1173rd Transportation CompanyNote: this history of the 1173rd Transportation Company is for its existence as of when this document is being prepared in December 2011. Since 1959 two other units have used this designation at some point in their service; only one piece of either has any connection to the current command.
In a state-wide reorganization of the Virginia Army Guard in 1959, South Boston’s Company F, 116th Infantry was reorganized, redesignated and converted to become the 1173rd Transportation Company (Staging Area). The company continued in this location until being reorganized as Battery C, 1st Battalion, 246th Field Artillery in 1971. One of the commanders of the 1173rd in this period was Captain Carroll Thackston, who would later serve as the Adjutant General of Virginia (1994-1999).
The second use if this designation came on 1 September 1997 when the 1173rd Transportation Company was created from the reorganization, redesignation, consolidation and conversion of Company B (inc. it’s Detachment 1), 170th Infantry in Manassas. At the same time Detachment 1, 1173rd Transportation Company was created by the reorganization, redesignation and conversion of Detachment 1, Company B, 2nd Battalion, 116th Infantry in Rocky Mount. The parent company had a Federal Recognition (FR) date of 5 May 1954 and the Detachment has an FR of 29 Nov 1954. Effective on 1 December 2000 the parent company of the 1173rd was reorganized, redesignated and converted as the 1710th Transportation Company*, with a FR date of 5 May 1954 and still home stationed in Manassas (separate lineage from this point). Concurrent with this action a new 1173rd Transportation Company was organized in Martinsville, gaining the Detachment 1, 1173rd Transportation Company from Rocky Mount as its Detachment 1.
* It should be noted the then existing 1710th Transportation Company in Virginia Beach was eliminated on this same date without any successor unit.
The 1173rd Transportation Company (TC) was organized as a new unit at Martinsville, Virginia, on 1 December 2000. It took charge of Detachment 1, 1173rd Transportation Company already stationed at Rocky Mount. The total unit was authorized four officers and 162 enlisted personnel as of January 2001. The parent company received its FR on 8 March 2002 and the Detachment 1 retained its 29 Nov 1954 FR date. Its higher headquarters support came from the 91st Troop Command in Richmond.
During its first annual training in the summer of 2001 the 1173rd, teamed up with the 1710th TC, helped to move tons of supplies and equipment to support the Boy Scout Jamboree held at Fort A.P. Hill, VA. To do this the two units drove missions to Fort Bragg, NC, and Fort Drum, NY, first to pick up the materials being loaned by the Army (tents, generators, etc.) and then to return them after the Jamboree ended. That autumn, following heavy rains in the western portion of the state and in West Virginia the two units, again working as a team, moved tons of food, water, engineer materials and other vital supplies to the impacted areas, including portions of West Virginia. In supporting first the Jamboree and then the flood relief mission the two TC’s racked up 146,000 accident free miles.
War came to American unexpectedly on 11 September 2001. Almost immediately some of the soldiers of the 1173rd were called to active duty to help secure the Martinsville Airport against possible terrorists’ attacks. Others were placed on longer tours of duty in support of Operation Noble Eagle, securing vital infrastructure and military posts around the state.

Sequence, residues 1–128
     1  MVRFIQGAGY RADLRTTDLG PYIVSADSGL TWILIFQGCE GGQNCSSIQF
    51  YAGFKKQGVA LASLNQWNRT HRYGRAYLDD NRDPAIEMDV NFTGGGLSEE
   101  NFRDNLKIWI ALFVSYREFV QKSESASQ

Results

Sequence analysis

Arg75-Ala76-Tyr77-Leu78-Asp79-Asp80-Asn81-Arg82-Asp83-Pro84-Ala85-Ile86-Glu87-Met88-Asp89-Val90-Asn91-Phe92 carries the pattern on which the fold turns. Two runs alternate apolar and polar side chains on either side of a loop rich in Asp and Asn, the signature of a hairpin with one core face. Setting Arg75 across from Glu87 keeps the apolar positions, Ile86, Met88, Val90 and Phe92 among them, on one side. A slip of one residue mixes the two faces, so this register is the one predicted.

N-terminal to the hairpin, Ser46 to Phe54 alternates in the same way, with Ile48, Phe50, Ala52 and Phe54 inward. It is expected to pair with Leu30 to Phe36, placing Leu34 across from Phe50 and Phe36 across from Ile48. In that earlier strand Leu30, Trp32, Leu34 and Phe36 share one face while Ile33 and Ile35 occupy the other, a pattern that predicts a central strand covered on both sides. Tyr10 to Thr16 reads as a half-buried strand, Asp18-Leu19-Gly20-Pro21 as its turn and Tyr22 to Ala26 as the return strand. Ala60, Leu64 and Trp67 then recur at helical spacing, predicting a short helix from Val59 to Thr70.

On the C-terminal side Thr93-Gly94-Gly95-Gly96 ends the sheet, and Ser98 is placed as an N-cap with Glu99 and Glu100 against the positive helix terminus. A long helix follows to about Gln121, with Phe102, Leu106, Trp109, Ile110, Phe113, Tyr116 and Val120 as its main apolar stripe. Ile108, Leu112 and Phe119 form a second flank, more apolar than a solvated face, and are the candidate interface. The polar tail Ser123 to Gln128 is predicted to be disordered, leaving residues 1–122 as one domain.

For its annual training in 2002 the 1173rd TC supported elements of the 1st Brigade, 29th Infantry Division (the 116th Infantry) during its annual training at Fort A. P. Hill. During this period the company drove hundreds of miles, many of them at night, while always prepared to repel ‘enemy’ ambushes. As events would soon show, it proved good training for the future.
The beginning of 2003 witnessed the United States Army preparing to invade Iraq in the belief it held Weapons of Mass Destruction that could be passed on to terrorists for attacks on America. Although the 1173rd TC itself was not mobilized it supported several units that were preparing for the war. To help fill the ranks of the 1032nd Transportation Company for its tour in Iraq in 2003 about 50 members (mostly qualified truck drivers) of the 1173rd were mobilized as individuals and assigned to the 1032nd. (See separate 1032nd history for the story of this unit in Operation Iraqi Freedom.) At about the same time other members of the company were individually called up to help fill in the gaps to reach the required strength for the 1710th TC when it was mobilized (but not deployed) in the spring of 2003. Those not mobilized conducted their annual training with the Troop Command at Fort Pickett, VA.
2004 would be a milestone year for the 1173rd TC. The company underwent a minor reorganization in May 2004, adding one warrant officer for maintenance accountability. In August 2004 both elements of the company were alerted for probable mobilization for duty in Operation Iraqi Freedom. Because so many personnel from the company had already served on active duty tours within the previous six-years and could not be required to redeploy again, this left the company short nearly 75 soldiers. To solve this shortage of personnel and get the company to its required strength of 171 soldiers several other non-deploying units from around the state were levied to cross-level and fill in the 1173rd. Among these were eight soldiers from the 1032nd Transportation Company in Gate City (recall the 1173rd had contributed about 50 soldiers for the 1032nd’s deployment in 2003), a large number of personnel from the 229th Chemical Company (then in Roanoke) and some from the 1710th Transportation Company (then home stationed in Bowling Green). Some of these soldiers, mostly those from the 229th Chemical Company, had to quickly attend a two-week truck driver’s course before the unit entered active duty. Once the required of number of soldiers were incorporated it took time to set up teams and have the new personnel ‘blend in’ with the old hands of the unit. Of the 171 soldiers deploying with the company, 25 were women; two of whom would set “firsts” for the Virginia Guard.